Our TV is broken, so Aunt Nora invites us to her apartment. (Aunt Nora isn’t really our aunt, but she introduced our parents to each other, so that’s what we call her.) My brother Jim and I lie on the floor close to the TV, while the adults sit on the couch. We watch NBC not CBS, so we miss Cronkite’s commentary. The late afternoon video is a simple animation; the famous 16-mm film — only later synchronized with the audio — would return to Earth with the astronauts 4 days later.

The tension is palpable. The cartoon lander reaches the surface at the expected time, but Aldrin’s monotone readouts continue. Absence of video heightens the audio. Mission control radios “60 seconds” of fuel remaining. Then “30 seconds”. I hold my breath. At last, Aldrin reports “Contact light” — we have touched the moon — followed by Armstrong’s famous, “Houston … Tranquility Base here, the Eagle has landed”. Of the landing site, my mother observes, “They’ve already named it”.

No one wants to cook, so we go to McDonald’s for dinner. As we drive, I see a small shop with photos of the three astronauts in its window. The streets are still. The world seems stopped.

10:56:15 PM EDT, Sunday, July 20, 1969

10:56:15 PM EDT, Sunday, July 20, 1969

As Collins orbits the moon solo, Armstrong and Aldrin forgo a scheduled sleep period, moving forward the moonwalk. Finally video — live from the surface of the moon —  shows a LEM landing leg, first inverted but quickly rectified. Armstrong describes the surface as “almost like a powder”. Again I hold my breath, a lump in my throat. “Okay. I’m going to step off the LEM now … that’s one small step for [a] man, one giant leap for mankind.” I don’t hear the indefinite article, but I immediately grasp the meaning. Armstrong reads the plaque, “We came in peace for all mankind”. Aldrin practices locomotion, which “would get rather tiring”. The president phones. We leave Aunt Nora’s as the astronauts prepare to return to the LEM.

The next morning I sit on my living room floor reading two newspapers: The New York Times, with its simple banner headline “Men Walk on Moon” — which still brings me tears of joy, triumph, and wonder as I write this 50 years later — and the local newspaper, with its astonished “Now Do You Believe!”.

My Monday morning newspapers, July 21, 1969

My Monday morning newspapers, July 21, 1969

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Wooster Epicycles

A vector is the sum of its components, a mechanical vibration is a combination of its normal mode motions, a quantum state is a superposition of its eigenstates, and any “nice” function is a Fourier sum of real or complex sinusoids, e^{i \varphi} = \cos \varphi + i \sin \varphi.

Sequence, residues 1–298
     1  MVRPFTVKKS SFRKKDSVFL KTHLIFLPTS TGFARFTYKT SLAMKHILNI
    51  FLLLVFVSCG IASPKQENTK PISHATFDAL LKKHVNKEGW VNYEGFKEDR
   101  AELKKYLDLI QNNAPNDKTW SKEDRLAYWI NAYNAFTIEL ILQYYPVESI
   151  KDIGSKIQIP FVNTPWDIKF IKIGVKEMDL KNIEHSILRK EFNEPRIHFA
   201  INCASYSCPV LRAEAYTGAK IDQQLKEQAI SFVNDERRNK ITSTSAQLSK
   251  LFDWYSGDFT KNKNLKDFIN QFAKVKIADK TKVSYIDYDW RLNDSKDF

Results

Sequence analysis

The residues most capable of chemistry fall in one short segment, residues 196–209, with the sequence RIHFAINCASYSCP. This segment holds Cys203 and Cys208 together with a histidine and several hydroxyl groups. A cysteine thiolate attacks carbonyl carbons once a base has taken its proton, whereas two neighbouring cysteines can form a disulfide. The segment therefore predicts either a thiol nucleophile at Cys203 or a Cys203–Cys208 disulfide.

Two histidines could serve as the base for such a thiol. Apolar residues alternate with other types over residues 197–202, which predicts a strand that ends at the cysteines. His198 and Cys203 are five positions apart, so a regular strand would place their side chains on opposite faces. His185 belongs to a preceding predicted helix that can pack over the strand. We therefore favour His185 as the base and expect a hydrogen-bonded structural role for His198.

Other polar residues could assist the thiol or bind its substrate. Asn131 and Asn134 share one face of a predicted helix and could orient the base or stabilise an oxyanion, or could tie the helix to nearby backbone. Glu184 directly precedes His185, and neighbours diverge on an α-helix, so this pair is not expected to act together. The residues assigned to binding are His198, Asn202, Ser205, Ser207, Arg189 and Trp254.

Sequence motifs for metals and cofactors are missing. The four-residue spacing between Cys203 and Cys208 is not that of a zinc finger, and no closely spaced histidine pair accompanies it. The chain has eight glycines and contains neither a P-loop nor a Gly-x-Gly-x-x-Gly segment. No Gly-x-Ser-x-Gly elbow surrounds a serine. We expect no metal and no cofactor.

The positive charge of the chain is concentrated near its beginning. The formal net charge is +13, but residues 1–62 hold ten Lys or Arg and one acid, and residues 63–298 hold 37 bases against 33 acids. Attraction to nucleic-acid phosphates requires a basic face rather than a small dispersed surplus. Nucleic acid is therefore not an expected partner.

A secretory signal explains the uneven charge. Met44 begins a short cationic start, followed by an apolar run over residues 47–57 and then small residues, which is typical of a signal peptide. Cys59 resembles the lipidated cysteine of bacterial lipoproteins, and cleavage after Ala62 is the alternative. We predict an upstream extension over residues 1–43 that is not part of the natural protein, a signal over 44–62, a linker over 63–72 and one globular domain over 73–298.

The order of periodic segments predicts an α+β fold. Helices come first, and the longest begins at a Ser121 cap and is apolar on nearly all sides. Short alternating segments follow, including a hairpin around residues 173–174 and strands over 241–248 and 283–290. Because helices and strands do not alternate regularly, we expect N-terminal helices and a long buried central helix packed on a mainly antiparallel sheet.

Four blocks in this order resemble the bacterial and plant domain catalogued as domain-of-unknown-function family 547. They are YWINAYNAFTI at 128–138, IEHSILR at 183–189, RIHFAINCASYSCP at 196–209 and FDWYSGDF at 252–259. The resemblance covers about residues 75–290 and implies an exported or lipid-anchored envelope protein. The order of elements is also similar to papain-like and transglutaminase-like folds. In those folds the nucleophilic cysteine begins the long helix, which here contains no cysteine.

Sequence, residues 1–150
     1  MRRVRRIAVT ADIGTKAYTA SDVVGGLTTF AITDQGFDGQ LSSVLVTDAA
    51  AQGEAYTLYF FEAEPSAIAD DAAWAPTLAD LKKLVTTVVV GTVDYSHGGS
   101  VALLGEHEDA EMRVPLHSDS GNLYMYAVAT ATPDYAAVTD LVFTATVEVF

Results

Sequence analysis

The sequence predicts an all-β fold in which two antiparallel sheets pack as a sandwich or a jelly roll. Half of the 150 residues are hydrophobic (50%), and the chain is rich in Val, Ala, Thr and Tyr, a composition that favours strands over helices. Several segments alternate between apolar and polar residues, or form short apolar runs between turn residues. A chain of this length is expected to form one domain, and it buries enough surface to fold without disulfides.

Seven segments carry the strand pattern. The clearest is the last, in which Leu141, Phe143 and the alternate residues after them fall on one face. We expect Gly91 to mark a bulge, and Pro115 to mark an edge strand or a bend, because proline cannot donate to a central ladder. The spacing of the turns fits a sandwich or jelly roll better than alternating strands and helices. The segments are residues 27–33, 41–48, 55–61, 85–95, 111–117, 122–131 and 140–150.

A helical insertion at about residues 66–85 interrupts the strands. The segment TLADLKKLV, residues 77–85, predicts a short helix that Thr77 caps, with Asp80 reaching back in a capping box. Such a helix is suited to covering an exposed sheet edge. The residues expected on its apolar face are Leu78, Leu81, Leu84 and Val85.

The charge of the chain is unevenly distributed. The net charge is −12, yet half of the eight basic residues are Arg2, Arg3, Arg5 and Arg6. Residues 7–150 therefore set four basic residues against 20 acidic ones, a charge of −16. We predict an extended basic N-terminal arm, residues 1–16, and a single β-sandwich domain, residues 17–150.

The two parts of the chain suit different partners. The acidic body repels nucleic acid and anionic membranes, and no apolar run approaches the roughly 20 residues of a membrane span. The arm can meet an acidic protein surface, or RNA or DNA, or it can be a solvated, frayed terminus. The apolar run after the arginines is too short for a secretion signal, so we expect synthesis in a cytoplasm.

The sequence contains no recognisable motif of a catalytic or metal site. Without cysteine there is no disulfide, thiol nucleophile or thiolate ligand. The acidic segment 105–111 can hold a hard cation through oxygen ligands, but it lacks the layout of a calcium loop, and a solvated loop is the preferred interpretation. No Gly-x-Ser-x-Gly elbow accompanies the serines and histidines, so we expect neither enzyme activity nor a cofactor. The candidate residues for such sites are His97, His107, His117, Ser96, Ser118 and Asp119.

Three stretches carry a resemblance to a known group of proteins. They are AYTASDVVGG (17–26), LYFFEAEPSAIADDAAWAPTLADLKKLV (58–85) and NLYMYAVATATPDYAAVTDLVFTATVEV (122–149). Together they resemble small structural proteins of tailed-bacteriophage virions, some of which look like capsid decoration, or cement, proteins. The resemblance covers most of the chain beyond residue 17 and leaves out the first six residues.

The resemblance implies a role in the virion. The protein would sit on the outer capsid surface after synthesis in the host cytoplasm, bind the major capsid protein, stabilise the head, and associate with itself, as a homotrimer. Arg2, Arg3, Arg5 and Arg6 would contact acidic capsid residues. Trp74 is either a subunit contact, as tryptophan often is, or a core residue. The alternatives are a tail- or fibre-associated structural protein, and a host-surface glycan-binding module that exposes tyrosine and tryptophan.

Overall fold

The animation below traces the Wooster W in epicycles of 100 circles-moving-on-circles in the complex plane. Algebraically, the trace is a complex discrete Fourier series \sum c_n e^{i n \omega t} =\sum r_n e^{i (n\omega t + \theta_n)}, where r_n are the circle radii, \theta_n are carefully chosen phase shifts, \omega is the fundamental angular frequency, and t is time.

Using Fourier analysis, any reasonable path can be traversed by a moon orbiting a moon orbiting a moon orbiting ... a planet orbiting a star

Using Fourier analysis, any reasonable path can be traversed by a moon orbiting a moon orbiting a moon orbiting … a planet orbiting a star

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Redefining SI

Today the SI (Système international d’unités) base units are redefined. The following are now exact. Memorize these numbers!

Cs-133 transition frequency constant Δν_{\text{Cs}} = 9\,192\,631\,770~\text{s}^{−1} defines the second.

Then light speed constant c = 299\,792\,458~\text{m}\cdot\text{s}^{−1} defines the meter.

Then Planck’s constant h = 6.626\,070\,15\times 10^{−34}~\text{kg}\cdot\text{m}^{2}\cdot\text{s}^{−1} defines the kilogram.

Then electron charge constant e = 1.602\,176\,634\times 10^{−19}~\text{A}\cdot{\text{s}} defines the Ampere.

Then Boltzmann’s constant k = 1.380\,649\times 10^{−23}~\text{kg}\cdot\text{m}^{2}\cdot\text{K}^{−1}⋅\text{s}^{−2} defines the Kelvin.

And Avogadro’s constant N_{\text{A}} = 6.022\,140\,76\times 10^{23}~\text{mol}^{−1} defines the mole.

And luminous efficacy constant K_{\text{cd}} = 683~\text{cd}\cdot\text{sr}\cdot\text{s}^{3}\cdot\text{kg}^{−1}\cdot\text{m}^{−2} defines the candela.

(Where “sr” is the steradian or square radian, the 3D analogue of the 2D radian.) Discussion continues about the mole and the candela, including whether they should even be base units. The new definitions break the relationship between the C-12 mass, the dalton, the kilogram, and Avogadro’s constant, and the candela is arguably a photo-biological quantity.

I wish my phone number were 919-263-1770.